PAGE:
Nasal swab stain revealed hyphae of mucormycosis on Grocott methenamine silver stain (Figure 1(c)). Based on reports of nasal swab, positive DNA for Mucorales and radiographic features [7], a diagnosis of rhino-orbital mucormycosis was made. Systemic antifungals (intravenous liposomal-amphotericin B, 10 mg/kg/day, with oral posaconazole 300 mg twice daily on day 1 followed by 300 mg once daily) were initiated. Immunosuppressants tacrolimus and mycophenolate mofetil were stopped. However, even after five days of initiation of antifungals, the patient did not show any clinical signs of improvement. A repeat contrast enhanced MRI of the orbit and paranasal sinuses showed worsening of the lesions with invasion of the orbital bone. Orbital exenteration with the eyelid sparing technique was planned, but surgical consent was refused by the family. Despite continuing conservative management for next 3 days, the patient had a downhill course and succumbed to his infection.

Informed written consent was taken for publication of this case from the patient and also next of kin.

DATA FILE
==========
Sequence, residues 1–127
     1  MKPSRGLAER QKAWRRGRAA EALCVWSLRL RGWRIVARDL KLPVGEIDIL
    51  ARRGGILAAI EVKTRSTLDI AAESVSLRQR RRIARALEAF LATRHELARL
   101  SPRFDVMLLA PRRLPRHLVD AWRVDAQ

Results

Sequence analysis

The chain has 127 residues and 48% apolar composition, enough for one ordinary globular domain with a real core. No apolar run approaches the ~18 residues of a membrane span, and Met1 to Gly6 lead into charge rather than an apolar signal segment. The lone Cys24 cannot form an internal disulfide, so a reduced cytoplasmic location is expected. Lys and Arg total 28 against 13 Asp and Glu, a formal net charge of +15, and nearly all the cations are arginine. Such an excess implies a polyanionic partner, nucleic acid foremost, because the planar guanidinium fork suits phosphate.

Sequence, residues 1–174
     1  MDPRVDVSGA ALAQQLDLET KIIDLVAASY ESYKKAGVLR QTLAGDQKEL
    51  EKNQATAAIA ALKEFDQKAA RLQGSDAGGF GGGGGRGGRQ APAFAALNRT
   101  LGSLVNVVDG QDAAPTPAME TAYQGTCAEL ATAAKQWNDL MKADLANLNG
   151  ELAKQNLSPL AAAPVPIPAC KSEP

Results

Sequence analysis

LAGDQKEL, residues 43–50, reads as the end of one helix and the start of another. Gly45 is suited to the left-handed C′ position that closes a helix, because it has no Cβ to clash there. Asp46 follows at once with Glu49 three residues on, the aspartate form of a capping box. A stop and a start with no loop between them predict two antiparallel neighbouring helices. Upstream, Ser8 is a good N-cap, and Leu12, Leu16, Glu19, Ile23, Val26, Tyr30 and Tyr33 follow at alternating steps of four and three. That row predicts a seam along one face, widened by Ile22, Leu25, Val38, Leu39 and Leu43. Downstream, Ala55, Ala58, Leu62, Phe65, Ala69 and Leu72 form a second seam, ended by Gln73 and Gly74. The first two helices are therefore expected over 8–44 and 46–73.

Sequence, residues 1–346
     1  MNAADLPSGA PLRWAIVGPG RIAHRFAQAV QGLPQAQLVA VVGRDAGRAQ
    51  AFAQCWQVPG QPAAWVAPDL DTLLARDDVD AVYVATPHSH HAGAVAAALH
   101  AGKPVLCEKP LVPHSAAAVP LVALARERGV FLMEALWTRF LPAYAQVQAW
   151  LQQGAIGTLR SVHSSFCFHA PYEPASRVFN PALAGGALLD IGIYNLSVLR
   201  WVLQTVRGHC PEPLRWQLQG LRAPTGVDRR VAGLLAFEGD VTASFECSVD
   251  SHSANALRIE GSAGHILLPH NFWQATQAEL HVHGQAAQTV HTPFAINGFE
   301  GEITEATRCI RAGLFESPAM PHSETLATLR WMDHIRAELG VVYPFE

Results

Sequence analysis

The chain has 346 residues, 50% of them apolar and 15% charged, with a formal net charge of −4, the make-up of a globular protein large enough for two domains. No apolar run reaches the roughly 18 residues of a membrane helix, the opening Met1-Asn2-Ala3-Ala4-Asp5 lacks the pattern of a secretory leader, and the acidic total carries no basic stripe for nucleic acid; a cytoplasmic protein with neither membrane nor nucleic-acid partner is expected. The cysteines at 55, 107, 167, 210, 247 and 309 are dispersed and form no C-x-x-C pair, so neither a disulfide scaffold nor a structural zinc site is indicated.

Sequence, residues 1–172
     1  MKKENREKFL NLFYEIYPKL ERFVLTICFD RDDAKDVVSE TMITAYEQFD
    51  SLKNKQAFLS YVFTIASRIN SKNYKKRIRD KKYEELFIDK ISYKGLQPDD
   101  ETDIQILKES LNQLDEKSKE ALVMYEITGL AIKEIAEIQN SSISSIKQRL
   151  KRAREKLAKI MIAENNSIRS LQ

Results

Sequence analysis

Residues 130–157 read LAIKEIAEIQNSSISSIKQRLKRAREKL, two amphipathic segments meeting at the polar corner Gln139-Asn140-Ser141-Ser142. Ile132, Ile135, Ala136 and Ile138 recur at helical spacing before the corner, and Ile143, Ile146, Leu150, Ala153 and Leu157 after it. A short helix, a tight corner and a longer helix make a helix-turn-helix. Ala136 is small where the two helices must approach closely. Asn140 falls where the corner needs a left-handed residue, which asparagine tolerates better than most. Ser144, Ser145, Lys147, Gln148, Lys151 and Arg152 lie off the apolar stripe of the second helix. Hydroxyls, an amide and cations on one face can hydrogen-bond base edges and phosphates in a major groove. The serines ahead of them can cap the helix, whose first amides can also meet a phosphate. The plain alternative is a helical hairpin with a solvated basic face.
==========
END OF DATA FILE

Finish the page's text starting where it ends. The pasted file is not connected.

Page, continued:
3. Discussion

Rhino-orbital mucormycosis is frequently caused by fungal infection due to Rhizopus spp., Mucor spp., and Lichtheimia spp. [8] During the COVID-19 pandemic, there has been an increase in the incidence of such cases [9]. The source of infection is usually from the paranasal sinuses, and majority of the patients presents with unilateral facial edema and proptosis [10]. The European Confederation of Medical Mycology (ECMM) has laid down specific guidelines for diagnosis and includes demonstration of fungal hyphae in microscopy and culture along with molecular methods for direct detection of fungal deoxyribonucleic acid [11].

Steroids use during the pandemic has been implicated as the most common predisposing factor for rhino-orbital mucormycosis [12]. Other coexisting diseases such as diabetes mellitus has been associated with majority of the cases [13]. Longer length of hospital stay in posttransplantation immunosuppressed patients may predispose them to multiple infections including mucormycosis [14]. A rare case report of rhino-orbital maxillary mucormycosis after solid organ transplantation has been reported in the nonpandemic era also [15].